Chris Breedlove was born and raised in Suburban Maryland and taught Chemistry at Montgomery College in Rockville MD for 25 years; during that time she also studied ceramics, a definite perk for faculty members there. Upon retirement, she and her husband  moved to Maine and live in a small log home they helped build on Mount Desert Island. Her studio and business, Honeybee Pottery, is on this property and the name reflects her initial foray into ceramics: to learn to make honey pots! The rest is history!

What Maine Craft Means to Me

by Chris Breedlove

I am a potter.

Which, is not at all what I expected to be when I began my career as a chemistry teacher at a community college in Maryland. Years earlier, as an impoverished student, I purchased a honeypot at a student art sale, and I loved that little pot! Even then I was drawn to pottery and the process of making it.

In the aftermath of the Kent State student massacre, I spent an entire hot night locked in the University of Maryland ceramics studio with a friend who was finishing her senior thesis project, choking on tear gas from the students’ Route 1 blockade through College Park. And, my intense interest in pottery survived! Several years after that, I decided to learn to make honeypots for my friends to hold all the honey that, as a beekeeper, I’d been giving them. Moreover, as a faculty member, I could take classes in other academic areas (like ceramics) tuition-free! It seems I was destined to be a potter.

And so began my second life as a potter-to-be. From the very first day I loved it all: the tactile feel of the clay, watching the instructor transform the clay into a bowl, a platter, or a bottle, throwing, trimming. It was magical and wonderful!  It was also a lot harder than it looked and I learned a kind of discipline and determination that was really very different from anything I’d ever needed before. I became fascinated with glazes – a lot of chemistry there, but also a lot of magic. And the big gas reduction kiln! Oh my! Too exciting!  (But, still, I didn’t quit my day job for years.)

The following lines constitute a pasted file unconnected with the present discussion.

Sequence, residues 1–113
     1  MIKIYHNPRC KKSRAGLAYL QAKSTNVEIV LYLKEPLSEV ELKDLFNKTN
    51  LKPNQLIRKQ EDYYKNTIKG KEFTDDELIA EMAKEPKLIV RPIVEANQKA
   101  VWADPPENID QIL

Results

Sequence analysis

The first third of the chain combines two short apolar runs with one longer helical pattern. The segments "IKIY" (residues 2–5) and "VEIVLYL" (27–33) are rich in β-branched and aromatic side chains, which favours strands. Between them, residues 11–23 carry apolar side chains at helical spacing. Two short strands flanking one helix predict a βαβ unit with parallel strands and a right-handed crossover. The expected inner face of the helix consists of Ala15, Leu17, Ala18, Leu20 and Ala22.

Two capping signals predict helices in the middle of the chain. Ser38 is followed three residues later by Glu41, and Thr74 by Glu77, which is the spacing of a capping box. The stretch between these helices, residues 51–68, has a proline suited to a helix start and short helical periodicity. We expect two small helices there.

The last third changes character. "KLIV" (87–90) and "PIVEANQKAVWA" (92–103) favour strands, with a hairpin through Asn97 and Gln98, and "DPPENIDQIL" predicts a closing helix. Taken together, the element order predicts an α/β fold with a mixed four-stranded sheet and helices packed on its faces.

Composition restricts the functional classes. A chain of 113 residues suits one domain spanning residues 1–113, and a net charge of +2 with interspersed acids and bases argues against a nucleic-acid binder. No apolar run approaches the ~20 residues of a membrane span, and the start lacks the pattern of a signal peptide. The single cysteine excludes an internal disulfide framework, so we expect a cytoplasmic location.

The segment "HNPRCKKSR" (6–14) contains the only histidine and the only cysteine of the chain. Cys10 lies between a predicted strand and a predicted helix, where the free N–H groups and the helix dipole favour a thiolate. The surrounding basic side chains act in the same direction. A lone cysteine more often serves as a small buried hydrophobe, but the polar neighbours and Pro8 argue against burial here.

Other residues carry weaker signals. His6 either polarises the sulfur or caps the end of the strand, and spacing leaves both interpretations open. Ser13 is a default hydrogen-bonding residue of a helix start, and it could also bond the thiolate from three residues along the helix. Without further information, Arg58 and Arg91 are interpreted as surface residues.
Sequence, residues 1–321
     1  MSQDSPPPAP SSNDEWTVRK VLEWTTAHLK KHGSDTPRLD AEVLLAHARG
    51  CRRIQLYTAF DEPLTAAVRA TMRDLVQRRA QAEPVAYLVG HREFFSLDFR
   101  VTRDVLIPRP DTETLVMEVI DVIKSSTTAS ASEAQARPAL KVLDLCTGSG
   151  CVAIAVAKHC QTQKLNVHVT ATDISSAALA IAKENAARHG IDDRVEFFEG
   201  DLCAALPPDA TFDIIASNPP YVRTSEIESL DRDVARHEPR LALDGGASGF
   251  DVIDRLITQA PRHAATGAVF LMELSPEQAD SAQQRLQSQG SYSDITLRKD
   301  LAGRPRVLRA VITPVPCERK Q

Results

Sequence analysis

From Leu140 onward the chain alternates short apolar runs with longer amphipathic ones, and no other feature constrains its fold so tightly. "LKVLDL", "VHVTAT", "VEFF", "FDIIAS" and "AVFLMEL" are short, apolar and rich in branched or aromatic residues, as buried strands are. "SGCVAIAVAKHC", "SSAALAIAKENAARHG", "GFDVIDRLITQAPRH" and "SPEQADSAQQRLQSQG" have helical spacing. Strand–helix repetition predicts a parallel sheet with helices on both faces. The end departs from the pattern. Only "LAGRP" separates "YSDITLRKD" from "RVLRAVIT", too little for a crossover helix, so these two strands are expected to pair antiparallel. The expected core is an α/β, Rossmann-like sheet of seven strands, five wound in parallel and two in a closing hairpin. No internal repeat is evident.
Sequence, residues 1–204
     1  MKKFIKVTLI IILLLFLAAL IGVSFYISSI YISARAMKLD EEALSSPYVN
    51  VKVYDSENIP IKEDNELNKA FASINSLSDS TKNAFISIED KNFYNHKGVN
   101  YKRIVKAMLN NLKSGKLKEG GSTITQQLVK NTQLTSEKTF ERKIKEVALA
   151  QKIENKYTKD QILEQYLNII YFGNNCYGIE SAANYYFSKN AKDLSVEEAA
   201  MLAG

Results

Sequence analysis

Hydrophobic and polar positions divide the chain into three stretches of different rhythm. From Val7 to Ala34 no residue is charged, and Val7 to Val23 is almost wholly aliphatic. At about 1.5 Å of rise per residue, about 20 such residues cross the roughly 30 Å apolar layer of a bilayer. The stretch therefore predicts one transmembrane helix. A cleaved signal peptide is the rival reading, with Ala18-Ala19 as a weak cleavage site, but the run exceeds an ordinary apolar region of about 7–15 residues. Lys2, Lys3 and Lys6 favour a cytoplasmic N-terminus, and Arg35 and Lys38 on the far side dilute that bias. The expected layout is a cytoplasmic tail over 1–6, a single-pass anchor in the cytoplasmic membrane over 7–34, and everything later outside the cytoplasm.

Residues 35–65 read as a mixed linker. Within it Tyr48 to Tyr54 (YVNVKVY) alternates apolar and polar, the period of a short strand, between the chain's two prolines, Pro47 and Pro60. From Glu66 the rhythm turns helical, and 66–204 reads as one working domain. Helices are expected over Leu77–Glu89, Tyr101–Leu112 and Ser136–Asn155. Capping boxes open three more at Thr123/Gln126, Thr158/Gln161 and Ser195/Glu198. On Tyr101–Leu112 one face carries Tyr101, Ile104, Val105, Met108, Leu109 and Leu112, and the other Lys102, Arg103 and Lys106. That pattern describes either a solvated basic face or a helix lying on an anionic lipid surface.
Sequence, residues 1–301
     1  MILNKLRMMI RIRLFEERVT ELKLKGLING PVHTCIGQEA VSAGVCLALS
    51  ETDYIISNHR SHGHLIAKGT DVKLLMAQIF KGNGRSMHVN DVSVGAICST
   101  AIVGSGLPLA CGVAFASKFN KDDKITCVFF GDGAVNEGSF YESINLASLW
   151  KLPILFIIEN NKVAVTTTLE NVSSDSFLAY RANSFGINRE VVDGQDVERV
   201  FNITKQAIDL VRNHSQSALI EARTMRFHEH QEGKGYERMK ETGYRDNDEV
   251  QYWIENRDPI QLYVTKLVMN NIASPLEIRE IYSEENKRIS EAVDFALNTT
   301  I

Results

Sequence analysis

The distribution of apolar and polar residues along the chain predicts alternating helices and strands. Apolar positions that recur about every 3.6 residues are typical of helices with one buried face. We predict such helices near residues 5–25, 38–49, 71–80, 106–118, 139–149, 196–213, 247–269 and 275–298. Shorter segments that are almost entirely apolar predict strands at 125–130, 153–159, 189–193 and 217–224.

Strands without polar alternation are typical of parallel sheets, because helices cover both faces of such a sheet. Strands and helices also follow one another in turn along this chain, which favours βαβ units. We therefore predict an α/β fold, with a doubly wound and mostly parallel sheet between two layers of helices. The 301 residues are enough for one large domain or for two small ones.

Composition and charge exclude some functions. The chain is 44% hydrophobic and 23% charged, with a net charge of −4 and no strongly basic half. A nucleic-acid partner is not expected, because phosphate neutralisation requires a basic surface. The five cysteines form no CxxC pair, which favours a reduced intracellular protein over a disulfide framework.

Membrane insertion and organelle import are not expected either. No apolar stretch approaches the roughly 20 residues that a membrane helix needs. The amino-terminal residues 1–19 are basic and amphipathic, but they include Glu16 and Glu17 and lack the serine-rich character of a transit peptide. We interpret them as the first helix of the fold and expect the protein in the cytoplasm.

Now I am a potter. I still love just about every aspect of making pots. Working in the pottery shop on Islesford, where we have the work of a dozen Maine potters, is a treat. In many ways, that is my most favorite and memorable activity. I love that I know so many of the people who come by the shop. I love that some people actually come in looking specifically for my work. I love talking to them about my and others’ work. I love showing the children who come by how to throw a pot, explain something to them, even give them a piece of clay to make something from! I love the mail boat ride to and from Islesford. (And have become sensitized to the reality of the beauty and also the complexity of island life.) And most of all, I cherish the friends I have come to know and love as an artist. Marian Baker, who owns and manages the Islesford Pottery. Kaitlyn, a very cool person and fellow potter who is the mom of my surrogate grandson, seven year-old Bode. So many potters from whom I have learned so much both on Islesford and off-island. I’ve learned that potters, and indeed artists of so many crafts, are the friendliest, most helpful, and generous people I’ve ever known. Role models all.

And becoming a member of this fellowship of artists has so many areas fostered an appreciation of the talent, care, skill, and love that all of these artists put into their work. I love knowing the person whose work I wear or use and I feel I know them even more. I think of the artist as I use the bowl they made, the bracelet I wear, the scarf or hat I don. I feel like I am part of something special, bigger than any one of us.

I am a potter.

What Maine Craft Means to Me Essay Series invites you to explore the many intersections and layers of craft, people and time in Maine through the words of those with deep connections to our state and our field.

The Maine Crafts Association is a 501(c)(3) non-profit arts organization supporting craft artists by providing educational, marketing and retail opportunities. Our ability to accomplish our mission and help artists thrive is reliant on individual contributions.